KUALA LUMPUR, Sept 2 — Analysts and politicians have hit out at Tun Dr Mahathir Mohamad for wanting an indefinite continuation of pro-Bumiputera New Economic Policy (NEP)-style policies.
They claim that NEP-based policies needed to be replaced with a more “merit-based” policy, saying that a majority of Bumiputeras “have not benefited” from the NEP during Dr Mahathir’s tenure as prime minister.
“I disagree strongly with Tun Dr Mahathir. Under the NEP and during his time as prime minister, a majority of poor Malays have not benefited from the race-based policy. It only served to widen the gap between the poor and a rich elite. Look at the urban poor today where a majority are Bumiputeras as well as Indians,” said economist Dr Subramaniam Pillay.
Dr Mahathir predicted earlier this week that there would be an escalation in racial tension and division should NEP-style policies be removed, likening the situation to the Communist revolution in Europe.
He stressed that the time was not right to introduce any policy which would “disregard the disparities between races in the interest of equity and merit.”
In justifying his arguments, Dr Mahathir said that during his time as prime minister and under the implementation of the NEP, Malaysia had enjoyed stability and good economic growth.
Subramaniam did not agree with Dr Mahathir’s explanation.
“During Dr Mahathir’s time, many countries in Southeast Asia or even Asia did not practise an open economy. There were very few countries which were open to foreign direct investments (FDI). Malaysia was doing relatively well, yes because there was no stiff competition from other countries at the time,” said the Nottingham University lecturer.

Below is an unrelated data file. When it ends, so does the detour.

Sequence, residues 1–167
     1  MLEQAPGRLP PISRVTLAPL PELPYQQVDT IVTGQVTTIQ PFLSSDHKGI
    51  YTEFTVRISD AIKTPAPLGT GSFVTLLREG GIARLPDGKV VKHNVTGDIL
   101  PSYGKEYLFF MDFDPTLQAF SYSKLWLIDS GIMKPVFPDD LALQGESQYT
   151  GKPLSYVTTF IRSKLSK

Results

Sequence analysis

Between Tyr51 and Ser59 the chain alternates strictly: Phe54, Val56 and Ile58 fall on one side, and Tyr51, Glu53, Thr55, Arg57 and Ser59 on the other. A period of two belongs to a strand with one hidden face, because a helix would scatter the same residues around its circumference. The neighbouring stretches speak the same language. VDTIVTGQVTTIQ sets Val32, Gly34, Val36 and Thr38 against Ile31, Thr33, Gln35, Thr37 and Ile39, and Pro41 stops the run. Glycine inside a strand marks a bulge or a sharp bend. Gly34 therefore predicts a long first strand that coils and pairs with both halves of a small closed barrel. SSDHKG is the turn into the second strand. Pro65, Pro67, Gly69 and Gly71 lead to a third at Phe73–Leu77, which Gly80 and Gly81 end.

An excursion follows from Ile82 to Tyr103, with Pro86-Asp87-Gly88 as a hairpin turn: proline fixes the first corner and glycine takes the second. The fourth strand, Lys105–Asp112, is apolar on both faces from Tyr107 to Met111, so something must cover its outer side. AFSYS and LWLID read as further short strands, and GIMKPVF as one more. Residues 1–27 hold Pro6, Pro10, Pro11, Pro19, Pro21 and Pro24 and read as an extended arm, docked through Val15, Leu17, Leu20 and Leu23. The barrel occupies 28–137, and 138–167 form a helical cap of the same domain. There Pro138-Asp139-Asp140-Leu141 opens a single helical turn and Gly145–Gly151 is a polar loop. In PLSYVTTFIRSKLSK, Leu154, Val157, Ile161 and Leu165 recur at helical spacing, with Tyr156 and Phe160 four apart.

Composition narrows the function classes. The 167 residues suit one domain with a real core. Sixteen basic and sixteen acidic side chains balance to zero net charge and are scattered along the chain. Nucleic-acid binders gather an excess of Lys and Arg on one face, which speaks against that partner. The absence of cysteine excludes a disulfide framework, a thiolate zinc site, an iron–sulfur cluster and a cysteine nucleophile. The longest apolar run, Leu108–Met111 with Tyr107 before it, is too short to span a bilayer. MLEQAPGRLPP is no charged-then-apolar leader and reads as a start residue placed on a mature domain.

Subramaniam told The Malaysian Insider that due to “rising economies” like India and China over the past decade, Malaysia was in urgent need of a policy which would allow the country to escape from the “middle-income” trap.
“In spite of Mahathir’s NEP policies, it had favoured the few rather than improved the economic situation of the poor.
“The country requires a policy where it encourages the acquisition of survival skills. We don’t have that right now. We cannot compete with other countries because we don’t have the skills,” said Subramaniam.
He, however, added that a “needs-based” form of affirmative action was still required to help the poor.
Historian and political analyst Tan Sri Dr Khoo Kay Kim questioned the reason for Dr Mahathir’s “claims of an impending revolution.”
Khoo was doubtful that NEP-like policies would ever be scrapped, until the Malays and Bumiputeras were themselves ready for a change.
“What Mahathir is talking about is impossible. Since when can we remove the NEP? Unless and until the Malays themselves are ready, we cannot do anything,” said Khoo.
UKM lecturer Professor Shamsul Amri said while Dr Mahathir had a right to express his views, the former prime minister was in no position to make any changes to the country’s current economic policies.
“Let Mahathir say whatever it is he has to say. I do not see why he cannot have that opinion. He can no longer do anything, he is no longer in power,” said Shamsul.
He blamed politicians from both sides of the political divide for not doing anything to amend or scrap NEP-based policies.
“If people do not think it is relevant, change it. The opposition as well as Barisan Nasional talk too much but do not take any action.
“If they do not want NEP-based policies, please do something about it in Parliament,” Shamsul told The Malaysian Insider.
The academic claimed that although the actual NEP policy was no longer being used, the “spirit” of the NEP still lived within Article 153 of the Federal Constitution.
“The NEP is dead, but the spirit of the NEP is represented within Article 153 of the Federal Constitution. The spirit of NEP will always be there if Article 153 is there. If you do not want it, change it. Do something about it in Parliament,” said Shamsul.
The NEP, put in place in 1971, officially ended in 1990, but many of its programmes are still being continued.